Keeping the focus

It is indeed sad to see Catholics occupying church buildings. In Weymouth and Sudbury sit-ins aimed at preventing the archdiocese from closing churches are already taking place. If media reports are correct, parishioners in Charlestown, Newton and Dedham could soon follow suit.

Their reasons for taking this dramatic action? Among their arguments they claim that:

their parishes do not meet the criteria for closure,

self-sufficient parishes should not be suppressed,

the whole process is about seizing property and money.

Those arguments warrant some reflection.

First, there has never been a set criteria to determine which particular parishes should close. There is no mathematical formula that can be applied with an univocal outcome.

Explaining the need to reallocate the scarce resources of the archdiocese to priests last December, Archbishop Seán P. O’Malley presented several facts. They included shifting demographics, the declining number of priests, the poor condition of many church buildings, a low sacramental index in many churches and the inability of many parishes to pay their bills. Those factors were put forth to explain the need for the broader reconfiguration but not to explain the decision to close any particular parish.

Factors such as the sacramental index or Mass attendance were not intended to create a rank in each cluster, with the bottom parishes being somehow “culled out.” Other factors such as the size of the church building, the presence of a school in a parish, the distance to neighboring churches were among the other criteria taken into account in the decision making process. The overriding purpose of reconfiguration is to achieve the best possible structure of the local Church in each particular cluster. This will allow the Church in Boston to be better prepared to fulfill its mission in the future as it faces fewer practicing Catholics and available priests.

One factor routinely dismissed by those who claim their parish does not meet the criteria for closure is that, for historical reasons, the archdiocese simply has too many parishes relative to its population of active Catholics.

The second argument — that self-sufficient parishes should not be suppressed — defies basic principles of Christian justice. Had self-sufficiency been the deciding factor in parish closings, inner cities and poor municipalities where many newly arrived immigrants make their home would have had to borne the brunt of the process, even though the presence of the Church is as needed there as in wealthy suburbs. The Church cannot behave as a corporation, shutting down its less profitable “storefronts.” Right thinking Catholics will recognize that, as part of the people of God, each one of us has a particular obligation toward those less fortunate among us.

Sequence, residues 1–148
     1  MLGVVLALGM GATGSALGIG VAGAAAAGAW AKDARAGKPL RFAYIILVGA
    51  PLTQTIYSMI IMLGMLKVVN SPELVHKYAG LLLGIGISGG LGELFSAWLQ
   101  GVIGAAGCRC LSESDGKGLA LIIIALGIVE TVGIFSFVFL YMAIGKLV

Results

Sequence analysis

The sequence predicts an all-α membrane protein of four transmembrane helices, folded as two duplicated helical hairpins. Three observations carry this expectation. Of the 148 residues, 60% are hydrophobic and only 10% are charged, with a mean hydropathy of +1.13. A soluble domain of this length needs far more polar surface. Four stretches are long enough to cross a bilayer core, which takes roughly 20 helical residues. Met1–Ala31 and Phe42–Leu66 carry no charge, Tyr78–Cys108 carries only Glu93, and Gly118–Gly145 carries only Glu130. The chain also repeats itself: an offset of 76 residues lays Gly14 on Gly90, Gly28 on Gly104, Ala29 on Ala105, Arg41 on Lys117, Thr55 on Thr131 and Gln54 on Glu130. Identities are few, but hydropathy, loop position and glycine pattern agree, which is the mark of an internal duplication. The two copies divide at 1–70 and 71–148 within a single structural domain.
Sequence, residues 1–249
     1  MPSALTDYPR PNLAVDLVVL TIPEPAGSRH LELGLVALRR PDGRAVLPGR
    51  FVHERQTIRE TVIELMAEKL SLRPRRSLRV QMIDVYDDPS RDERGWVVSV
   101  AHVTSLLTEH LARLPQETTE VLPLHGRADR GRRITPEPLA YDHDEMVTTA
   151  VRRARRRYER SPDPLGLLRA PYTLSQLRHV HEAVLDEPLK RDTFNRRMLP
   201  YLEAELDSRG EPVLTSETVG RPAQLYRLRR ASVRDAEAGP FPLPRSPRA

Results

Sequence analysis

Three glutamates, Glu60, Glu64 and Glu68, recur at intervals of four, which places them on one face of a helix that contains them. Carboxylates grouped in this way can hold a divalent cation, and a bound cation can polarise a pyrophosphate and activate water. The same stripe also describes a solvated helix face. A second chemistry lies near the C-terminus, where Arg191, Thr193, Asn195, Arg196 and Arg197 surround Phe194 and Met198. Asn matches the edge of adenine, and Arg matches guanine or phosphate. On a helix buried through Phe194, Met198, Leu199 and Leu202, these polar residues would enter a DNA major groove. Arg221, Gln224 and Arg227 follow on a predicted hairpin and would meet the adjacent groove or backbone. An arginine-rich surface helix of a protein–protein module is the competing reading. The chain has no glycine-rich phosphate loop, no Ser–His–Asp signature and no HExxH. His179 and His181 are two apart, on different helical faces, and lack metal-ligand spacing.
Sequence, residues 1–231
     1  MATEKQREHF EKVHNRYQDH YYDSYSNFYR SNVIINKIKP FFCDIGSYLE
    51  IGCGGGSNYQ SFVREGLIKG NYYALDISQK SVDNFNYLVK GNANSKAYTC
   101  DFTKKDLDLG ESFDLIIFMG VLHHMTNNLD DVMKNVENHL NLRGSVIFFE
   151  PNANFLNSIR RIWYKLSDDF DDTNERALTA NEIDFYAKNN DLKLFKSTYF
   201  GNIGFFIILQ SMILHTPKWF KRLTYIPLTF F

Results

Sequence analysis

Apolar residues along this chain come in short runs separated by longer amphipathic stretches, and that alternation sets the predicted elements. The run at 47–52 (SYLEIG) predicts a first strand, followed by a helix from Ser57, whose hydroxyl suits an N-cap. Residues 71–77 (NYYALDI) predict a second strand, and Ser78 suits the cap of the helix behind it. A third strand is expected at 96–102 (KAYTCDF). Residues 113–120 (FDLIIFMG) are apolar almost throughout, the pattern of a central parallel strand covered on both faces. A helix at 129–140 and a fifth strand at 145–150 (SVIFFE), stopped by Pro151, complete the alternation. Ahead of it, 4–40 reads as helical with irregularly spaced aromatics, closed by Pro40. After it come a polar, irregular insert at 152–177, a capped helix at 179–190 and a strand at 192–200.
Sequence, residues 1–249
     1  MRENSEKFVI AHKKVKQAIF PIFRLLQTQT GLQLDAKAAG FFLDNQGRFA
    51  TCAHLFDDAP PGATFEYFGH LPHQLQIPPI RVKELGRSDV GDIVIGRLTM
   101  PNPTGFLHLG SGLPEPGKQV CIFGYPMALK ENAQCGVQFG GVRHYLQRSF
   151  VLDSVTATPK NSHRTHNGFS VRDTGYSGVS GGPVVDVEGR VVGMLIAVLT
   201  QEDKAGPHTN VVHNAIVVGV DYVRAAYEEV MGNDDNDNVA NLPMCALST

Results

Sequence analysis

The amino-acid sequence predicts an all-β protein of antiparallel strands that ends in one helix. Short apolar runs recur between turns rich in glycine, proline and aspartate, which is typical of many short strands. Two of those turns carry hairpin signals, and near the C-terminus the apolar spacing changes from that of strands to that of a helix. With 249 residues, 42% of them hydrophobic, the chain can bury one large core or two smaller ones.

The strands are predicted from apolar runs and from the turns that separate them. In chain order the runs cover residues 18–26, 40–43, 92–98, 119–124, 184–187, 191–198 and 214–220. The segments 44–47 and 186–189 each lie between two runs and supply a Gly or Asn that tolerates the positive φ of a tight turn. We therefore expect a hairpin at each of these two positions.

Lastly, to contend that the entire reconfiguration process is simply an effort of the archdiocese to enrich itself ignores the fact that money raised by selling property will be used to further the mission of the Church, subsidizing poor parishes and schools. The move by some public officials to rezone church property to diminish its value shows a deep lack of understanding of the works of the Church. Beyond the damage they may be inflicting on their own communities by depriving them of potential real estate taxes, their action will also impact the charitable work that the Church performs throughout Eastern Massachusetts. In the end, communities are shortchanging themselves by attempting to prevent the Church from selling property.

We understand the pain that reconfiguration has brought to many parishioners. With the leadership of their pastors, the vast majority are grieving, mourning and moving ahead in their spiritual journey at welcoming parishes throughout the archdiocese. They realize that we do not worship buildings, but instead we worship God wherever we are.

Catholics in Boston need to come together in unity with their bishop. Still reeling from the sexual abuse scandal, the reconfiguration poses a new challenge to Boston Catholics. Yet it also brings the opportunity for a better future for the Church, with more vibrant parishes in which the urgent task of evangelizing can be better carried out. Let us not focus only on ourselves and our personal losses but press ahead for the rebuilding of the Church in Boston.